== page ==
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Iceland - amusement arcade token

Started by FosseWay, October 14, 2016, 07:48:33 PM

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FosseWay

Took a guess that RKÍ (that acute accent gives it away) stood for something in Icelandic and, indeed, this appears to have been issued by the Icelandic Red Cross, Rauða Krossi Íslands.

Specifically, it is for use in a game I hadn't come across before and am not sure what it is called in English. In Icelandic it is tíkallakassi; in German Bajazzo. The machine in which the tokens were used is illustrated on Íslandsspil's website but with lorem ipsum text.

Wikipedia has this to say:

QuoteÁ Íslandi fékk Rauði krossinn leyfi fyrir þessum spilum árið 1972 sem var upphafið að spilakassarekstri samtakanna.

The Red Cross gained permission to use these games in Iceland in 1972, which was the beginning of the arcade industry there.

I seem to remember that gambling was very strictly controlled in Iceland, if not forbidden, for a while, and the Wikipedia entry seems to bear this out.

Given where I got this token from (Hasturin Antiikki), I suspect it was made by Sporrongs in Stockholm.

malj1

#1
Bajazzo is the German name for Clown but these machines, both Bajazzo and Clown, were the early mechanical game machines used c1900-1950.

Clown is used again with more modern machines by various makers see here (You need to search for clown or bajazzo it won't allow a direct link apparently) tíkallakassi is not listed.



Bajazzo is the German name for a stock character who is believed to have first appeared in the Italian Commedia dell'arte around the 1600s. In Italy he is called Burrattino, Bertoldo, Pagliaccio, Pedrolino, Peppe Nappa, Piero and Gian-Farina and in France he is Pierrot. He is a good natured but naive comic servant who is badly treated and must sleep with the animals in the straw. Pagliaio means straw, hence his Italian name. His German name probably comes from the French pailasse (straw bag) or the Italian baja (fun). In some German dialects Bajazzo is pronounced Bajass.

He often wears white face paint and a white costume with large buttons and a high pointed, funnel-shaped hat. The striking checkered tights are more characteristic of Harlequin (Arlecchino in Italian), also known as Truffaldino, Traccagnino, Bagattino, Tabarrino, Tortellino, Naccherino, Gradelino, Polpettino, Nespolino, Bertoldino, Fagiuolino, Trappolino, Zaccagnino, Trivellino, Passerino, Bagolino, Temellino, Fagottino, Fritellino and Tabacchino!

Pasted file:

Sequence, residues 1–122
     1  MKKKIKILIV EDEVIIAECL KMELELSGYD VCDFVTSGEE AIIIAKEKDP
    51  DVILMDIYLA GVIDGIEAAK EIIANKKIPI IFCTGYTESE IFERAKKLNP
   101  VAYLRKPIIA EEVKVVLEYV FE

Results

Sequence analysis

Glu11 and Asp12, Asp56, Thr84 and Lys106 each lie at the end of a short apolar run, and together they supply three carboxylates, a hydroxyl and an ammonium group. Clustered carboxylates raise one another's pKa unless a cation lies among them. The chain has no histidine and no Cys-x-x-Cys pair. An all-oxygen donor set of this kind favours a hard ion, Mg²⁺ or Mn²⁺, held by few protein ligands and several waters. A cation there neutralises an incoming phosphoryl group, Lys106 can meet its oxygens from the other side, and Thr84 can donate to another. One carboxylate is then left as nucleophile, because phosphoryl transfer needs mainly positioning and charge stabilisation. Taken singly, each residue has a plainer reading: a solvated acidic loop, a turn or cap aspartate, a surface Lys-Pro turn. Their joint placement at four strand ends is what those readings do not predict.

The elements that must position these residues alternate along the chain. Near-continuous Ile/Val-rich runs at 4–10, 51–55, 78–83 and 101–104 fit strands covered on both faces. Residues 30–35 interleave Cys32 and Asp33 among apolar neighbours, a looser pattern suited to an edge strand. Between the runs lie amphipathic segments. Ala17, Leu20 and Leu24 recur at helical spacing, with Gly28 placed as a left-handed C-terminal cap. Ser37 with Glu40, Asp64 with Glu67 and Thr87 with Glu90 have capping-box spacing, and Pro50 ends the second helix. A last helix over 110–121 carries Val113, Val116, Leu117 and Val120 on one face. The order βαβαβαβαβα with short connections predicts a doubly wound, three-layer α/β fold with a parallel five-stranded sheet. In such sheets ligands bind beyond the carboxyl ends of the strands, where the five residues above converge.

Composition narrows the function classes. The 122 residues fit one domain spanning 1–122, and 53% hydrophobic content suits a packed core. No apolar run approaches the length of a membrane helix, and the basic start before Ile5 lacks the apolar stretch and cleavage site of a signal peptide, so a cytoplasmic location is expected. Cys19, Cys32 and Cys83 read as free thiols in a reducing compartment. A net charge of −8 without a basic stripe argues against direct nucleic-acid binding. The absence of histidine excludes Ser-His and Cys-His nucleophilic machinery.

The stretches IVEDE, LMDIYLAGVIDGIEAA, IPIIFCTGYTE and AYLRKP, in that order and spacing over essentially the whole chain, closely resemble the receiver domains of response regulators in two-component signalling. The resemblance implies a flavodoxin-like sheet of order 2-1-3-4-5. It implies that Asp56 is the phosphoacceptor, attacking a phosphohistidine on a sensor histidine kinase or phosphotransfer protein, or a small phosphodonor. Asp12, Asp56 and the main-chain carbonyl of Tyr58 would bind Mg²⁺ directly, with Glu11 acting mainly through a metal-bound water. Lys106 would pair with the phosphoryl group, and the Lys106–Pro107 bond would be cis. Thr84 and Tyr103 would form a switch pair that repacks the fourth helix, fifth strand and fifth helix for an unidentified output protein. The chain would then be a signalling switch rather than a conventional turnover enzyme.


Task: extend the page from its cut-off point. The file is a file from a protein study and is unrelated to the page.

Malcolm
Have a look at  my tokens and my banknotes.

malj1

Found this

Quote: (Google translation)

Tika Box ( Finnish : pajatso or Jasso, from German Bajazzo; there from the Italian pagliaccio, "clown") are slot machines for gambling that were created in Finland on 3. decade 20. century . They evolved from a German slots going out to meet the ball into the hat clown characters parading to free money into the drawer bottom. Engines similar to American allwin-Japanese pachinko machines and boarding. The Finnish version consists of eight to ten parallel vertical runs that store money behind glass. Coin of the same type (Icelandic ten million coin was used in Iceland as an example) is placed in the slot on the side of the box and then it shot sideways by tapping a finger on the metal ring protruding from the side and tried to see into some the trough to free money in a drawer at the bottom. Miserfitt to meet superinfection troughs. Top Gran lists direct the coin in any direction and make it more likely to meet the slide one (and thus losing money) than into them. With a special knack is still possible to "defeat the system."
Tikal boxes were manufactured by the Finnish state enterprise Raha-automaattiyhdistys who had patented them in 1938. The first versions Tikal boxes were mechanical and electronic publications were launched in 1982. Tikal boxes were run by the Red Cross in the Nordic countries in fundraising since the fourth decade. Iceland's Red Cross permission for this play in 1972 as the starting point for arcade operations of the association.

This is an excerpt from the article Tika Box from the Wikipedia free encyclopedia. A list of Authors is available at Wikipedia.
Malcolm
Have a look at  my tokens and my banknotes.

FosseWay

Thanks for the extra info on Bajazzo/Clown. One thing that springs to mind is that most of the US Allwin and German Bajazzo tokens I've come across are significantly smaller than the Icelandic one above (24.4 mm, 6.90 g), so presumably the machines for Iceland were specially modified/made, along with special tokens. Was this to stop the import and use of foreign tokens in order to restrict access to gambling as much as possible and/or protect the Red Cross's financial interest, I wonder?

malj1

Yes the Bajazzo and Clown tokens are 17.3mm approx., while the Allwin are 18.2mm approx. which BTW are German too and later copied by a couple of British makers after the outbreak of WW1

I think the larger Icelandic tokens may be for the later electronic versions.

I find that the Crompton tokens are 24.1mm and Phonograph Equipment had some at 24.3mm. No doubt other companies too used this size in the 1970-80s period.
Malcolm
Have a look at  my tokens and my banknotes.

FosseWay

Quote from: malj1 on October 15, 2016, 11:06:10 AM
Yes the Bajazzo and Clown tokens are 17.3mm approx., while the Allwin are 18.2mm approx. which BTW are German too and later copied by a couple of British makers after the outbreak of WW1

I think the larger Icelandic tokens may be for the later electronic versions.

I find that the Crompton tokens are 24.1mm and Phonograph Equipment had some at 24.3mm. No doubt other companies too used this size in the 1970-80s period.

24.3 mm is also one of Sporrong's standard sizes, which adds weight to the possibility that they are the makers of this token.